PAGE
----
Foreign Secretary Teodoro Locsin Jr on Thursday, February 4, dismissed the idea of working with Western countries to address the military takeover of Myanmar’s government.
At the Senate committee on foreign relations’ hearing, Locsin also slammed the West for “tearing down” the reputation of Myanmar civil leader Aung San Suu Kyi, who the military had detained in early morning raids last February 1. Along with Suu Kyi, Myanmar’s military detained other key officials of her popular National League for democracy as it moved to seize power from the country’s democratically elected government.
“I pour scorn on the Western world for destroying Aung San Suu Kyi and making her a victim of the military,” Locsin said, launching into a tirade that touched on “Western criticism” of Suu Kyi for her silence on the plight of Rohingya Muslims, the West’s contentious role in the Middle East affairs, and the effects of colonialism in present day Myanmar.
Locsin had praised Suu Kyi for her role in steering Myanmar toward democracy, while he blamed Western institutions for weakening her position with the military in the Southeast Asian country.
“She had only the adoration of the world to stand up with against the army…. Every step she made in the freedom of Burma, they erased – all so they could feel well tearing her down,” he said.
Locsin continued: “Now the army saw this woman has nothing. She has no name, she has no reputation, it’s time to get her out of the way. And that’s what happened.”
The Philippines’ foreign affairs stated his position as the Senate committee took up Senator Leila de Lima’s resolution on the Philippines’ positions towards resolutions at the United Nations Human Rights Council which sought to address the Rohingya crisis. The discussion had veered into the current situation unfolding in Myanmar and the Philippines’ view on the matter.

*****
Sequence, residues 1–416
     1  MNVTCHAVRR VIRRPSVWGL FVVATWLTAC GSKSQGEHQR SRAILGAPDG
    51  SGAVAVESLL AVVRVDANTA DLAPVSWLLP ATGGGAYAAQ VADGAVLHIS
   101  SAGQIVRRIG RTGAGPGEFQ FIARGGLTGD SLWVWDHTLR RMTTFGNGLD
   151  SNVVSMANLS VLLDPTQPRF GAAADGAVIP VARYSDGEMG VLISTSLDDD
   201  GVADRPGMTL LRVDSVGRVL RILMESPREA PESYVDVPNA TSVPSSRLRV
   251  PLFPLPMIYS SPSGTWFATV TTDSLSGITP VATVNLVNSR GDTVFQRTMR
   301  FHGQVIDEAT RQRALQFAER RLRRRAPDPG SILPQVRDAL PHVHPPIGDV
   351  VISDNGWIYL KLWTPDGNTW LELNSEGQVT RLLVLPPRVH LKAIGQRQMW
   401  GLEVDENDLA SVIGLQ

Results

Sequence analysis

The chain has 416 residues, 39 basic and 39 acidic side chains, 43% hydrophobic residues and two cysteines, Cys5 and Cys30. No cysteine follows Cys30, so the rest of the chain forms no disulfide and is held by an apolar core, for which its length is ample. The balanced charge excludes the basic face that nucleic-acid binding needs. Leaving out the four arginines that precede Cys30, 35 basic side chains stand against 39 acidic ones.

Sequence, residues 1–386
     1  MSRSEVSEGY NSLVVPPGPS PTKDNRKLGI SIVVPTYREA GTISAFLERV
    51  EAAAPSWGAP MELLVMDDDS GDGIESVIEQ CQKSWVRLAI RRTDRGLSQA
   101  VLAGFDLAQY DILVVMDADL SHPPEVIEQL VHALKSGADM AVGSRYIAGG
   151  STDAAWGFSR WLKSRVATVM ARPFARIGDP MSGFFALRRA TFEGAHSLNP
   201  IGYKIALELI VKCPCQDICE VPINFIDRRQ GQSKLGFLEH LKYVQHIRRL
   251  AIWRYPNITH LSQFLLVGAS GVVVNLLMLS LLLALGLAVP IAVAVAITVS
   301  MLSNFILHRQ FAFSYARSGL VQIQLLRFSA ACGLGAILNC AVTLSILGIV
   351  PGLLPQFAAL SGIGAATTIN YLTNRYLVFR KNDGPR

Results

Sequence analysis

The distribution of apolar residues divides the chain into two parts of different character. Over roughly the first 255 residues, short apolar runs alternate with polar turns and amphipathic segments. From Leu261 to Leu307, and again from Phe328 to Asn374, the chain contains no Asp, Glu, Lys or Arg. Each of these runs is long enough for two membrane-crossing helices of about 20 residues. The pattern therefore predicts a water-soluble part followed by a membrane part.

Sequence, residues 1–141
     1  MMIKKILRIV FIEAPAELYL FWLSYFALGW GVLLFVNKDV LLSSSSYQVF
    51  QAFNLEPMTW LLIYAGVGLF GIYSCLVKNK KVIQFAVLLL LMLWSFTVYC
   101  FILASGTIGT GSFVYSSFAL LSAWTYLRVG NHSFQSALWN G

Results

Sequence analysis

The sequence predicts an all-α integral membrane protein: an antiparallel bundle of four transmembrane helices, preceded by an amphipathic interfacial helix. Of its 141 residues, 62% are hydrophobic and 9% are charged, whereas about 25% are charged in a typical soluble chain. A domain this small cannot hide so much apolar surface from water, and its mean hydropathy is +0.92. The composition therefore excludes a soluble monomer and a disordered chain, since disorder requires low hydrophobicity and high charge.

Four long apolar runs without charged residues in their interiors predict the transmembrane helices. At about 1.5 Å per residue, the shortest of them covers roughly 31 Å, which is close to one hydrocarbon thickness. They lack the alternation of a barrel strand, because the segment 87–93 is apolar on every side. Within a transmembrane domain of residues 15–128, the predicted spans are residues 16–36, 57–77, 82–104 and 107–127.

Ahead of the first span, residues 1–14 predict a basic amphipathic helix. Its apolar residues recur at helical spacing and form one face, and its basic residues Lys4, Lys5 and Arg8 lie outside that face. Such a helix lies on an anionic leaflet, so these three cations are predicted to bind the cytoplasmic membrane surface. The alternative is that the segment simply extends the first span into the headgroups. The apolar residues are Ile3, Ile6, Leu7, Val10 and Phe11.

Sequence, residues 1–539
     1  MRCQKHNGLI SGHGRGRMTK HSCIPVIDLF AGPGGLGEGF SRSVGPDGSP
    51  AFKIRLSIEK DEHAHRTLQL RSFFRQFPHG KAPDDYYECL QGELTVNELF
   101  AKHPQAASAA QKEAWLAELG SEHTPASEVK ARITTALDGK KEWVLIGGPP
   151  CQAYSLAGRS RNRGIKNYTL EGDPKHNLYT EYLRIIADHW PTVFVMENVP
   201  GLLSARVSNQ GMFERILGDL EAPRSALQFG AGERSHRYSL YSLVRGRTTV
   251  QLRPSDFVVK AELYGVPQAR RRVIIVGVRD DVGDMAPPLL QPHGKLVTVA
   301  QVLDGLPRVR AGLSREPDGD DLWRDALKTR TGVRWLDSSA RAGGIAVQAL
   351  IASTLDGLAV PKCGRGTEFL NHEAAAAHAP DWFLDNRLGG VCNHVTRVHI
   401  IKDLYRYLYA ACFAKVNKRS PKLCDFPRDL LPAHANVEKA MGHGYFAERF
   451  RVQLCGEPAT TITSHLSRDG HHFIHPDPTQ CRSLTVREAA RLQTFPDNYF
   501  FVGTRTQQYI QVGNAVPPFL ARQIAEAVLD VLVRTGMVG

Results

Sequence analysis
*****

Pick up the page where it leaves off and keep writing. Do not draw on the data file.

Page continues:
“They tore her to pieces and so where is she now? And where is Burmese democracy? Ten steps forward – just for the liberals in the United States to feel good tearing down a woman, they have gone 20 steps back for Burmese democracy,” Locsin said.
The Philippines earlier said it viewed the Myanmar coup with “deep concern,” after initially stating it will not “interfere” with the military takeover in its neighboring country. While this was the case, Manila said it was “especially concerned” with the safety of Suu Kyi who continued to be held under charges such as illegally importing walkie-talkie radios.
Locsin said the country’s policy now would be to work with other regional powers to “maybe convince the powers that be, the status quo ante was working.”
“That’s my feeling. That’s my policy: with Burma, we work with the powers around Burma to see if we can convince the great powers there. Forget the United States! We talk to China, we talk to India, we say, ‘Can we go back to the status quo? Can we go back and put the mother of Burmese democracy back there?’,” he said, adding the Department of Foreign Affairs “will never, never listen to the West on this issue.”
“The last thing we want is work with the countries in the West that destroyed Burmese democracy…. The last thing, the last people I will listen to is a white face on this issue,” Locsin said.
While Locsin expressed the intention to work with regional powers to address Myanmar, at least in Southeast Asia, countries were so far divided on the matter.
While the Philippines, Singapore, Indonesia, and Malaysia expressed grave concern over the military takeover, Cambodia and Thailand branded it as an internal matter they would not comment on further. Other Southeast Asian countries such as Vietnam, Laos, and Brunei have yet to issue formal statements on the issue.
But China and Russia blocked the statement, asking for more time, while India and Vietnam underscored the importance of considering regional efforts to address the developing situation in Myanmar. – Rappler.com